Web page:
University of Leicester
31-94-1-SM.pdf (399.73 kB)
Download file

Call for consistent coding in diabetes mellitus using the Royal College of General Practitioners and NHS pragmatic classification of diabetes

Download (399.73 kB)
journal contribution
posted on 2016-01-05, 11:18 authored by S. de Lusignan, K. Sadek, H. McDonald, P. Horsfield, N. H. Sadek, A. Tahir, T. Desombre, Kamlesh Khunti
BACKGROUND: The prevalence of diabetes is increasing with growing levels of obesity and an aging population. New practical guidelines for diabetes provide an applicable classification. Inconsistent coding of diabetes hampers the use of computerised disease registers for quality improvement, and limits the monitoring of disease trends. OBJECTIVE: To develop a consensus set of codes that should be used when recording diabetes diagnostic data. METHODS: The consensus approach was hierarchical, with a preference for diagnostic/disorder codes, to define each type of diabetes and non-diabetic hyperglycaemia, which were listed as being completely, partially or not readily mapped to available codes. The practical classification divides diabetes into type 1 (T1DM), type 2 (T2DM), genetic, other, unclassified and non-diabetic fasting hyperglycaemia. We mapped the classification to Read version 2, Clinical Terms version 3 and SNOMED CT. RESULTS: T1DM and T2DM were completely mapped to appropriate codes. However, in other areas only partial mapping is possible. Genetics is a fastmoving field and there were considerable gaps in the available labels for genetic conditions; what the classification calls 'other' the coding system labels 'secondary' diabetes. The biggest gap was the lack of a code for diabetes where the type of diabetes was uncertain. Notwithstanding these limitations we were able to develop a consensus list. CONCLUSIONS: It is a challenge to develop codes that readily map to contemporary clinical concepts. However, clinicians should adopt the standard recommended codes; and audit the quality of their existing records.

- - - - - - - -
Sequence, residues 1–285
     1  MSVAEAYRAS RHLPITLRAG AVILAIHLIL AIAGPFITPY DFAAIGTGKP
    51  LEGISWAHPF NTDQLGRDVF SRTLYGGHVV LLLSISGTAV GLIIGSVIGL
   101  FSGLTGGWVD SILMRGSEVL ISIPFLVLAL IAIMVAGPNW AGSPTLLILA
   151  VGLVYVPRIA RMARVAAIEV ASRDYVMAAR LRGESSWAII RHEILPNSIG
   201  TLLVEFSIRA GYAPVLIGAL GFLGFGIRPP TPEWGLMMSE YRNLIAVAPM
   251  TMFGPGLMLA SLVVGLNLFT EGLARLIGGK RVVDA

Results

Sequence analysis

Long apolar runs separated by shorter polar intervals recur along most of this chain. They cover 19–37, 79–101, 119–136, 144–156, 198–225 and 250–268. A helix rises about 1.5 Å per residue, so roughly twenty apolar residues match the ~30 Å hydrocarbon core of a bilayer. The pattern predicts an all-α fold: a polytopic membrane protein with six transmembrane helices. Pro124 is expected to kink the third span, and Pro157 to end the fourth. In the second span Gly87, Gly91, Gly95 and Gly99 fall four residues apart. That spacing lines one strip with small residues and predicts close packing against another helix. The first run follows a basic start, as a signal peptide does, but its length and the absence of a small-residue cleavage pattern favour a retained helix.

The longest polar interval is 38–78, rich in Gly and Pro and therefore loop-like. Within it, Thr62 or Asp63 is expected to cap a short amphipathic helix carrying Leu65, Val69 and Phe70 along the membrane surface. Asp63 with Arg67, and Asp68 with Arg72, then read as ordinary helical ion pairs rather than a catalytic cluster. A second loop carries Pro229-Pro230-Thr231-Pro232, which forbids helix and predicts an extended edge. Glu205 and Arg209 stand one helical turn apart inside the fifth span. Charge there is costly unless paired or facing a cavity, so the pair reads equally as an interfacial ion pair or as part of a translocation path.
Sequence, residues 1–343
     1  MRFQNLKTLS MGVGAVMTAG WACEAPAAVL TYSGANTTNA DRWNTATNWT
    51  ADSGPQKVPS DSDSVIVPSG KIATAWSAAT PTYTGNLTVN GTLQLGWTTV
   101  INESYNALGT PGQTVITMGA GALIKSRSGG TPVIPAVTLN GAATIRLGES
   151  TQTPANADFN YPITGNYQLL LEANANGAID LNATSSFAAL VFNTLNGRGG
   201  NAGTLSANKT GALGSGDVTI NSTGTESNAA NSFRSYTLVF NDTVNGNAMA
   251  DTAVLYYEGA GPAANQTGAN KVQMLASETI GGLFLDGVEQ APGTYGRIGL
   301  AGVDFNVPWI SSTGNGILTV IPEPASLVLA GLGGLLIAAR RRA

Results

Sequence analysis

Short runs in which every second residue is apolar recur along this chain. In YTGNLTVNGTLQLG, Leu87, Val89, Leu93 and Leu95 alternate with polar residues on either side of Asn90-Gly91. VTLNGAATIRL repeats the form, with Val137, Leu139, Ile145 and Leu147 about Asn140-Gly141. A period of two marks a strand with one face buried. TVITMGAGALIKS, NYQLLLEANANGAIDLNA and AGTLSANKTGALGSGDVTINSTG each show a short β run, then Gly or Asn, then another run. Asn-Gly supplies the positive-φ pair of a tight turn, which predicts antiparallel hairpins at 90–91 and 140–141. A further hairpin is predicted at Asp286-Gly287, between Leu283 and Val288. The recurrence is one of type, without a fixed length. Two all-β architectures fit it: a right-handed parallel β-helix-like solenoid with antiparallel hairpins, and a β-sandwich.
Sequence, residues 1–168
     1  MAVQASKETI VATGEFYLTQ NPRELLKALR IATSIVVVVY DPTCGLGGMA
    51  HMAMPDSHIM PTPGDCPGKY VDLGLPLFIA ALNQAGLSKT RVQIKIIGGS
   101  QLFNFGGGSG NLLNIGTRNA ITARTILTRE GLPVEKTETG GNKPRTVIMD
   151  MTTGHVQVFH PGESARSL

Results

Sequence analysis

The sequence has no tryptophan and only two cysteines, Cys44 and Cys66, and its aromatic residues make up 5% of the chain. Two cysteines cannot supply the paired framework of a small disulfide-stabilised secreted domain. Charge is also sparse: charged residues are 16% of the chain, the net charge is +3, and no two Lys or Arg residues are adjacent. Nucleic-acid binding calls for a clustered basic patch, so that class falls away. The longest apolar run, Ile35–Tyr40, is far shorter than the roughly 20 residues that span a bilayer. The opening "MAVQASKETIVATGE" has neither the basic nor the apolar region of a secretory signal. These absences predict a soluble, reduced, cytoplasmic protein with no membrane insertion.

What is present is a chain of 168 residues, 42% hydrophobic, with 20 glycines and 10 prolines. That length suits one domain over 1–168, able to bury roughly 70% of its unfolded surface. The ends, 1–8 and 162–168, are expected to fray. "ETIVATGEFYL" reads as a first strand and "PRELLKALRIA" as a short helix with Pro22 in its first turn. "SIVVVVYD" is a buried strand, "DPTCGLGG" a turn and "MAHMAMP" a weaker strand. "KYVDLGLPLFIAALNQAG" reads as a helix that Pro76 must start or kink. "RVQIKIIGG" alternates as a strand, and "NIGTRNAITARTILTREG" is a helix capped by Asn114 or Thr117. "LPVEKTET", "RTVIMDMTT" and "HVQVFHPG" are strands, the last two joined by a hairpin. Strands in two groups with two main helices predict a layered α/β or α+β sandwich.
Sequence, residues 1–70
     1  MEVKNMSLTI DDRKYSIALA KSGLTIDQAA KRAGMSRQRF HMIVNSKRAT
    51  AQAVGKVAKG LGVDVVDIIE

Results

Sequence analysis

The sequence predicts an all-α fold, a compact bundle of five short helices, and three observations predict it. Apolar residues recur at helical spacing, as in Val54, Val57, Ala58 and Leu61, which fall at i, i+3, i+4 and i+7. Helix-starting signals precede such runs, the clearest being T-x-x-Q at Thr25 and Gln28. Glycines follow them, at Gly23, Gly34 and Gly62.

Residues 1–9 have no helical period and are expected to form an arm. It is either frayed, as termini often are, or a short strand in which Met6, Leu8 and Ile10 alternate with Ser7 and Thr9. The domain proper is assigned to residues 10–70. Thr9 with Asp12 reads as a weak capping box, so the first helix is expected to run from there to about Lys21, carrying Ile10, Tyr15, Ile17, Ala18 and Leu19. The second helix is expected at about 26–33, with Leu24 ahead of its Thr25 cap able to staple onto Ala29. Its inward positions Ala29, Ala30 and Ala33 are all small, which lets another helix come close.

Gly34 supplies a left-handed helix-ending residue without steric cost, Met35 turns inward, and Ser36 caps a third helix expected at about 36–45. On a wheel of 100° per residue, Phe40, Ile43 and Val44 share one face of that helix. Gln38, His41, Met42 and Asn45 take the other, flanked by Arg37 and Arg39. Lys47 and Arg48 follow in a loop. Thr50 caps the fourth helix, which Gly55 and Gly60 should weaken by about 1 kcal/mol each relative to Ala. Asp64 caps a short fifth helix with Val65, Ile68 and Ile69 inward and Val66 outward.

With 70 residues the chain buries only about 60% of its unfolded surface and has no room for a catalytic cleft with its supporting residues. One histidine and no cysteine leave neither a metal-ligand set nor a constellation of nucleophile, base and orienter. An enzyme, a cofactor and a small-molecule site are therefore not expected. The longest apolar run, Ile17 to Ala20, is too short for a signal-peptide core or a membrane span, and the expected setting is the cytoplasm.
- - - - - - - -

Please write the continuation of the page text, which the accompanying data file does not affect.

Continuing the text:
Informatics in Primary Care (Now known as Journal of Innovation in Health Informatics), 2012, 20 (2), pp. 103-113

Author affiliation

/Organisation/COLLEGE OF MEDICINE, BIOLOGICAL SCIENCES AND PSYCHOLOGY/School of Medicine/Department of Health Sciences


  • VoR (Version of Record)

Published in

Informatics in Primary Care (Now known as Journal of Innovation in Health Informatics)


BCS, The Chartered Institute for IT, Radcliffe Medical Press





Acceptance date


Available date


Publisher version